The next time Bob Dylan visits Paris, he can rest easy knowing he'll be able to enjoy a croissant without being slapped in handcuffs.

Consequence of Sound reports that following a five-month inquiry, French magistrate Marion Potier has dismissed the hate crime charges filed against Dylan as part of a lawsuit alleging that comments he made regarding race relations during an interview with Rolling Stone were "an incitement to hatred."

Musing that the "country is just too f—ed up about color," Dylan added, in part, "Blacks know that some whites didn’t want to give up slavery — that if they had their way, they would still be under the yoke, and they can’t pretend they don’t know that...If you got a slave master or Klan in your blood, blacks can sense that,” he added. “That stuff lingers to this day. Just like Jews can sense Nazi blood and the Serbs can sense Croatian blood."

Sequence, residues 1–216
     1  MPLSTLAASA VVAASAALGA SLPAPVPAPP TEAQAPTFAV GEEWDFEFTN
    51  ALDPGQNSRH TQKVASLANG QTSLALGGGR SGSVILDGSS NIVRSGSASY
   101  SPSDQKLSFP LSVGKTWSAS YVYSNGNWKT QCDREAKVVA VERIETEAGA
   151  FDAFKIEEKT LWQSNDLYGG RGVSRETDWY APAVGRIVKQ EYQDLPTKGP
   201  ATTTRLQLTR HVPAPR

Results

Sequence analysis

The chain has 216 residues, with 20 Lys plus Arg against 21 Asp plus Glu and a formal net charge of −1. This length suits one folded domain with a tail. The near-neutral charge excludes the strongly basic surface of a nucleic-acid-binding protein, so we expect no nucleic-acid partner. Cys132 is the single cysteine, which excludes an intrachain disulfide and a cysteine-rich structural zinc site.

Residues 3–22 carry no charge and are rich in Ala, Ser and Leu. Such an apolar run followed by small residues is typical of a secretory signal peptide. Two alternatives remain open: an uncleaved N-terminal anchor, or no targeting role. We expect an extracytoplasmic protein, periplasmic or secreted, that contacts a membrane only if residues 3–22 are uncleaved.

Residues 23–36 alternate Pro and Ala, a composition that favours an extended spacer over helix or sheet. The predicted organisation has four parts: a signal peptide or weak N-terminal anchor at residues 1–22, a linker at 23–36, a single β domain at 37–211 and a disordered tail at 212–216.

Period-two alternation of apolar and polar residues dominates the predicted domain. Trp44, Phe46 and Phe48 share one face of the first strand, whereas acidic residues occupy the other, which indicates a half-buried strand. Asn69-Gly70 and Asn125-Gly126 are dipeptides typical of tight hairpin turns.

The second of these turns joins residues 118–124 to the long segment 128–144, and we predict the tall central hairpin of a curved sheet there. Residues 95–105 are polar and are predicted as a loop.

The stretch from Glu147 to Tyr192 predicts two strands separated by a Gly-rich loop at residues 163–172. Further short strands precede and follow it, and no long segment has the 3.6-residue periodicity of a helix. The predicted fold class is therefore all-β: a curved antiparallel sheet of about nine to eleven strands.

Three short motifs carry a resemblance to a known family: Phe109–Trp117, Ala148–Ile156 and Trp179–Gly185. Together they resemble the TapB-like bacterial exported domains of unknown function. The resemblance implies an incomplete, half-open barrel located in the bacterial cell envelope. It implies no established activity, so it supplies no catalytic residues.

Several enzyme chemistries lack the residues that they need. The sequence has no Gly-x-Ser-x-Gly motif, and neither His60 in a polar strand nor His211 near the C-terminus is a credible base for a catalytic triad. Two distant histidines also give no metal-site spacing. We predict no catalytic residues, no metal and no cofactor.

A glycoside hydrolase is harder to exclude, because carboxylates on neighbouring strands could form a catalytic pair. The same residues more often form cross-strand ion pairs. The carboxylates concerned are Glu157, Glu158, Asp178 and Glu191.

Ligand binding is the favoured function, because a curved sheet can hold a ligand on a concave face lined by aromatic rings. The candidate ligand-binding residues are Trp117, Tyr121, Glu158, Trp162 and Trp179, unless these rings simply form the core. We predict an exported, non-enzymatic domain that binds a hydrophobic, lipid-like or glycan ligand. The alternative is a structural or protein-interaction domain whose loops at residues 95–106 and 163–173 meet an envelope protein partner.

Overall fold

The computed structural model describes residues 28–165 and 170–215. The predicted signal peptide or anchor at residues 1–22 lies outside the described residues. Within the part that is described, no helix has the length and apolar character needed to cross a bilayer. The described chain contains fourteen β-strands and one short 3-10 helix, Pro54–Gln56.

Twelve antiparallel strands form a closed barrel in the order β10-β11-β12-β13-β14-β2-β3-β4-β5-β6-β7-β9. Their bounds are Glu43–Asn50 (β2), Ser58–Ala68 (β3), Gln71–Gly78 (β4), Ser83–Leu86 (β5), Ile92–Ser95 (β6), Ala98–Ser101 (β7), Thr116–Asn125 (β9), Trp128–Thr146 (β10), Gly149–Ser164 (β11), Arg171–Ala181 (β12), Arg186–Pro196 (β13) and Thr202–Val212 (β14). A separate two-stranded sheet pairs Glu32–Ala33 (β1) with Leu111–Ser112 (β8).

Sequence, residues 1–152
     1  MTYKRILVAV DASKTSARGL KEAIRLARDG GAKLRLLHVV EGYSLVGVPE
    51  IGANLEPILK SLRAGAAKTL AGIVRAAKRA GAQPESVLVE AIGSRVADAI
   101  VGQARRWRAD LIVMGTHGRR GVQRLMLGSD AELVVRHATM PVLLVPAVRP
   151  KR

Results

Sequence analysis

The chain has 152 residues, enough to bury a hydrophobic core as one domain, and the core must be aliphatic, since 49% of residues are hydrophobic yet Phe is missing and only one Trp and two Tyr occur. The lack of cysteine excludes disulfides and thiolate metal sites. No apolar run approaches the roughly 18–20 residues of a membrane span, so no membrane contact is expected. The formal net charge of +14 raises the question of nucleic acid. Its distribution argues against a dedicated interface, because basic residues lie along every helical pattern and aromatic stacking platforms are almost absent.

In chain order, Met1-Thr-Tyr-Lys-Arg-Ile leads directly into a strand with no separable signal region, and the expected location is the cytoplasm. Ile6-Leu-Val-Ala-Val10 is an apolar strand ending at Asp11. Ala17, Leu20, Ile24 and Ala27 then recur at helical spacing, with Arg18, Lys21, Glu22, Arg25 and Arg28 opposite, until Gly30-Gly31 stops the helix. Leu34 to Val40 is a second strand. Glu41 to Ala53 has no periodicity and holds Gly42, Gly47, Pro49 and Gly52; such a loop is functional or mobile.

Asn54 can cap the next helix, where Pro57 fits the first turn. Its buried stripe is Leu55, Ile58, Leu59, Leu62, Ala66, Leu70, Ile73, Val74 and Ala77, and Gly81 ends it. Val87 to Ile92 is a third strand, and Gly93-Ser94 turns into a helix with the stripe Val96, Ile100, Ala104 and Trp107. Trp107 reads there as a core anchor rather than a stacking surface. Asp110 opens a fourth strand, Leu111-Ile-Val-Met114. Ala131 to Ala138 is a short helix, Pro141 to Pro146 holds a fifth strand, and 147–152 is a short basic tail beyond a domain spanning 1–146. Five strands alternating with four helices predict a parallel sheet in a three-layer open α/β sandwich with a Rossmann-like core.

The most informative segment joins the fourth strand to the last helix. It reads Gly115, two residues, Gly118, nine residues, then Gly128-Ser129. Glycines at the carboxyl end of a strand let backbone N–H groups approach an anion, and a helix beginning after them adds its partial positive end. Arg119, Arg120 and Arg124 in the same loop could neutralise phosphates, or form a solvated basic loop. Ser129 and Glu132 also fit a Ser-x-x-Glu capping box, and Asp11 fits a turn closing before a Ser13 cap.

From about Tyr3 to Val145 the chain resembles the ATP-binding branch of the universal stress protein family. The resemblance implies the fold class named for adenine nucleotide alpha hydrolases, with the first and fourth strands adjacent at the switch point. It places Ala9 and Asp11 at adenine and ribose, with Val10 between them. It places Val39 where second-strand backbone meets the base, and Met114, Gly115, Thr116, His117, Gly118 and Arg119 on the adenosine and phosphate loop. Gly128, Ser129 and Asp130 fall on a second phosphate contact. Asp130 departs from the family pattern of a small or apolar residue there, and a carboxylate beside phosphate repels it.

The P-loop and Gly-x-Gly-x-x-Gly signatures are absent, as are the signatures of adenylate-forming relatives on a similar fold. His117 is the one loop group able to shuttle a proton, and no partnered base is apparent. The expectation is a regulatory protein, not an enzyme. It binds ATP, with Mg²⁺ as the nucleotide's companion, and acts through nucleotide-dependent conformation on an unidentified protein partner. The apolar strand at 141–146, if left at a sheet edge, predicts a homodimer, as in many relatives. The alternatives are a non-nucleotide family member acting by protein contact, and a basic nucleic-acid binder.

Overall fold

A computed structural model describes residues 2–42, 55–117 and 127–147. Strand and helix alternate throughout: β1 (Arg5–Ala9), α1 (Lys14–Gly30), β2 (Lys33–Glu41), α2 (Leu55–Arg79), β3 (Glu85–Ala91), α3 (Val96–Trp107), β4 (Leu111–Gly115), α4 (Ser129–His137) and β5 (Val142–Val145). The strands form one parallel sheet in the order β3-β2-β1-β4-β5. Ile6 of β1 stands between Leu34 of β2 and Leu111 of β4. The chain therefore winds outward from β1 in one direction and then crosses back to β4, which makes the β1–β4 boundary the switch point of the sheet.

An organization called the Council of Croats took offense and filed suit, but Potier denied the claims on the grounds that Dylan never gave permission for his comments to be published. Not the most comforting technicality to get off on, but at least Dylan's woes are over, unlike the magazine's publisher, Michel Birnbaum, who still faces a trial for violating the same anti-hate speech laws Dylan was accused of breaking -- as well as the potential of a year in prison and a fine equivalent to $62,000.

However it happened, Dylan's moving on. As his attorney told reporters, "I am very happy to see that French justice understood that Bob Dylan never wanted to insult anyone."